However, most other ScotRail trains elsewhere in Scotland are likely to be halted by the planned Rail, Maritime and Transport union (RMT) stoppages on Tuesday, June 21, Thursday, June 23 and Saturday, June 25.
The dispute over pay and feared job cuts involves 40,000 staff at 13 train operators, including five of the six cross-Border firms such as LNER, and UK Government-owned infrastructure owner Network Rail, which employs signallers and track maintenance staff.
Transport minister Jenny Gilruth told MSPs on Wednesday she was “appalled” that Network Rail staff had not had a pay rise for two years and said she would not support any redundancies.
Workers at ScotRail and cross-Border operator Caledonian Sleeper have not been called out as they are not part of the dispute, but the firms said their services would be affected by the signallers taking part.
Network Rail is making contingency plans for specially-trained managers to take over from striking staff at its centralised signalling centres, such as in Glasgow and Edinburgh, which would enable some trains to run in and around the two cities and across the Border.
An industry source said: “It’s too early to say with certainty what will run, but the Central Belt and cross-Border routes are the most centralised and have the most modern signalling systems, so are more likely to be able to be resourced to provide a limited service.”
Ms Gilruth has said a strike by Network Rail operations staff “would result in a limited amount of timetabled services being able to operate, with the vast majority in west central Scotland”.
ScotRail said the impact on its services was likely to be “significant”, leaving it able to operate “only a very limited number of services”.
Operators have told passengers with tickets they can change their travel date or request a refund, while some have suspended ticket sales on the strike days.
Some have said those with tickets for travel between June 20-26 could use travel anytime up to June 20 instead.
London North Eastern Railway (LNER), which operates between Scotland and London via the east coast main line, said it would be running an “amended timetable” that was still being drawn up.
LNER has yet to confirm whether this would include services over the whole of its core route between Edinburgh and London.
It said: “We'll be running fewer trains and the trains that are running are likely to be busier.
"The days either side of industrial action are also likely to be busy.”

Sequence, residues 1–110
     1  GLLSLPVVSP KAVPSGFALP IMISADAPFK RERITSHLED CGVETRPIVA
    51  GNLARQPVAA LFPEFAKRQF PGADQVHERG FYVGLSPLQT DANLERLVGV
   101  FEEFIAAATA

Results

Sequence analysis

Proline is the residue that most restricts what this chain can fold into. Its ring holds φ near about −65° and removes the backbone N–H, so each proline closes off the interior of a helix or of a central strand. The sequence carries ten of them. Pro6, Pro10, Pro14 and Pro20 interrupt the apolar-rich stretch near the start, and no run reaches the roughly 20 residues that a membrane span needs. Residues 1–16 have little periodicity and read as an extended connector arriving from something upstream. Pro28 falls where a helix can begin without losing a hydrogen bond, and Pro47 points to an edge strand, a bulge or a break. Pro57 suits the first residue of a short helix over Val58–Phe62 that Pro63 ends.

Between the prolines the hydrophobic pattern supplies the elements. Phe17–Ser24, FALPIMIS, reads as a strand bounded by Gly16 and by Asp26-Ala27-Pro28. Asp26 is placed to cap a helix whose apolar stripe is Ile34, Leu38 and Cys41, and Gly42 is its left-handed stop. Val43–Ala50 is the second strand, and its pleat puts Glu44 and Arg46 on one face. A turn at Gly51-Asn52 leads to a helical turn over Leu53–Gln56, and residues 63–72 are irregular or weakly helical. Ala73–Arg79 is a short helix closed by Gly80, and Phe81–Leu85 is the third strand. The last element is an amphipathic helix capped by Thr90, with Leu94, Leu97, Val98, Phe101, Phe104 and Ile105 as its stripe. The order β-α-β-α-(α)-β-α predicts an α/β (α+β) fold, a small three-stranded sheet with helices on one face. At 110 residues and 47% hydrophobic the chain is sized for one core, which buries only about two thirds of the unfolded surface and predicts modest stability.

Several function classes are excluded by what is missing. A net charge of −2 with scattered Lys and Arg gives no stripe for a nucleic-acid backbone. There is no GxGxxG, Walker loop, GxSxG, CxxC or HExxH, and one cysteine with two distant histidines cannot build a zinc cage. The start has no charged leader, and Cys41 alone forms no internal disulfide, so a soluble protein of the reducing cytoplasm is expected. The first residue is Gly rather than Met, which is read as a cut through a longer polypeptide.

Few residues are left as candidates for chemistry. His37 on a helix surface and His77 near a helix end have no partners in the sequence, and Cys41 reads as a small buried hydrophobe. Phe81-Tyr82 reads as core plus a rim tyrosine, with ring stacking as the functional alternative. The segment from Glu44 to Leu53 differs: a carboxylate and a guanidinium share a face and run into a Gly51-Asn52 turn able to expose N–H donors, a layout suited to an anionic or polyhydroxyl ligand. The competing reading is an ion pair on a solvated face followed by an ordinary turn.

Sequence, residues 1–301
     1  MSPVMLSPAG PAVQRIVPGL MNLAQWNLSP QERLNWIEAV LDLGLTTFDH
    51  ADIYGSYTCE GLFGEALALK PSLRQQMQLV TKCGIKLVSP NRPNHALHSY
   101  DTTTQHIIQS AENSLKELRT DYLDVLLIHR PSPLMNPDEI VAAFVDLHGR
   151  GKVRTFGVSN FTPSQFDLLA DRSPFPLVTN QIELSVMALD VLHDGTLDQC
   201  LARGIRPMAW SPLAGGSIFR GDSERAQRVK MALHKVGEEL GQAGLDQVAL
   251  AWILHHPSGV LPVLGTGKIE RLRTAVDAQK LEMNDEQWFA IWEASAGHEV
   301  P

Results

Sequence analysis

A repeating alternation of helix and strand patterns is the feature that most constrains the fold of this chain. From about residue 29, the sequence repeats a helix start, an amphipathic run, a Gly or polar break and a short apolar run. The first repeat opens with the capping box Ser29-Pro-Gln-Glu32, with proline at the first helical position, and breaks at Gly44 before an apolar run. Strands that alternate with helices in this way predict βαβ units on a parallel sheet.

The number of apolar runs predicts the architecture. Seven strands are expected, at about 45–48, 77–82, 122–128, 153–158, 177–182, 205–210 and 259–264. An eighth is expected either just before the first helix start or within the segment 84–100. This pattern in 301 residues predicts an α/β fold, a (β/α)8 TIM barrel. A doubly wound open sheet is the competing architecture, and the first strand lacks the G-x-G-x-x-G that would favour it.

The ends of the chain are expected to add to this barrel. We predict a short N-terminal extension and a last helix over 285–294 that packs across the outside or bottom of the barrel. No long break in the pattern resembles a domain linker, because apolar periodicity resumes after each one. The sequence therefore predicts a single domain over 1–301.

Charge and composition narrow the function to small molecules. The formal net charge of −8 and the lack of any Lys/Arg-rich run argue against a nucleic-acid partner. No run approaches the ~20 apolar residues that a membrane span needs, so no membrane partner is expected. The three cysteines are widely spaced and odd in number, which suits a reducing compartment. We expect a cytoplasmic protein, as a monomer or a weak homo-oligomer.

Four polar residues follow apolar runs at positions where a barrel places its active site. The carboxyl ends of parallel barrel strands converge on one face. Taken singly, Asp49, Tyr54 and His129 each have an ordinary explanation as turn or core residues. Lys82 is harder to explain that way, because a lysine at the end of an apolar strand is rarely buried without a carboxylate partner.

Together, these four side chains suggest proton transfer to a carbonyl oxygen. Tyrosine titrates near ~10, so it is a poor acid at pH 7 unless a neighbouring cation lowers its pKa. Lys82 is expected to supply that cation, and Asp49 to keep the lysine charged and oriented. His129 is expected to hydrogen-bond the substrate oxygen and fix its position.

Avanti West Coast, which runs between Glasgow, Edinburgh and London via the west coast main line, said: “We will announce a revised timetable as soon as possible.”
It said services were likely to be “reduced significantly” on the strike days and be very busy, with those on days either side of the stoppages also likely to be affected.
CrossCountry, which operates between Scotland, the Midlands and southern England, said it expected to run a “significantly reduced service” if the strikes went ahead, with adjacent days also affected.
It said: “We are finalising details of what level of service we will be able to offer over this period and will publish details on our website.”
TransPennine Express (TPE), whose trains connect Glasgow and Edinburgh with the north of England, urged passengers to avoid its services on the strike dates.
Customer experience director Kathryn O’Brien said: “We are now working to determine what level of service we will be able to provide.
“Our customers should be aware, however, that any amended timetable is likely to represent a significant reduction in services across TPE’s entire network.”
Caledonian Sleeper said it did not yet know how its services would be affected.
It said: "We are working hard to minimise disruption where possible and will make announcements as soon as is practicably possible, in order to give our guests the certainty they require.”
RMT general secretary Mick Lynch said: "We have a cost-of-living crisis, and it is unacceptable for railway workers to either lose their jobs or face another year of a pay freeze when inflation is at 11.1pc and rising."
But Steve Montgomery, chair of the industry-wide body the Rail Delivery Group, said: “We urge the RMT’s leadership to call off needless and damaging strikes and continue to work with us to ensure a fair deal for our people and for the taxpayer while securing the long-term future of the railways.”
Meantime, Ms Gilruth told MSPs: “Rail users right across the UK will be facing serious disruption that is not of this Government’s making.”
She said she had written to Network Rail to express the Scottish Government's concerns over any proposals for redundancies, “which we would not support”.
Ms Gilruth added: “I am appalled that Network Rail employees have had no pay rise for the last two years.
"It is not acceptable and nor does it make any economic sense for the Network Rail dispute to continue to that end.
"We can only conclude this is being done for political or ideological purposes.”
The minister told UK transport secretary Grant Shapps in April it was “hugely disappointing” the UK Government was not doing more to resolve the dispute.
Scottish Conservatives transport spokesperson Graham Simpson said: “As if train passengers in Scotland weren’t suffering enough with the woefully-inadequate reduced ScotRail timetable, they now face the threat of further disruption courtesy of the RMT.
“The RMT should row back from threatening strike action, which will only inconvenience the public, and get back around the negotiating table.”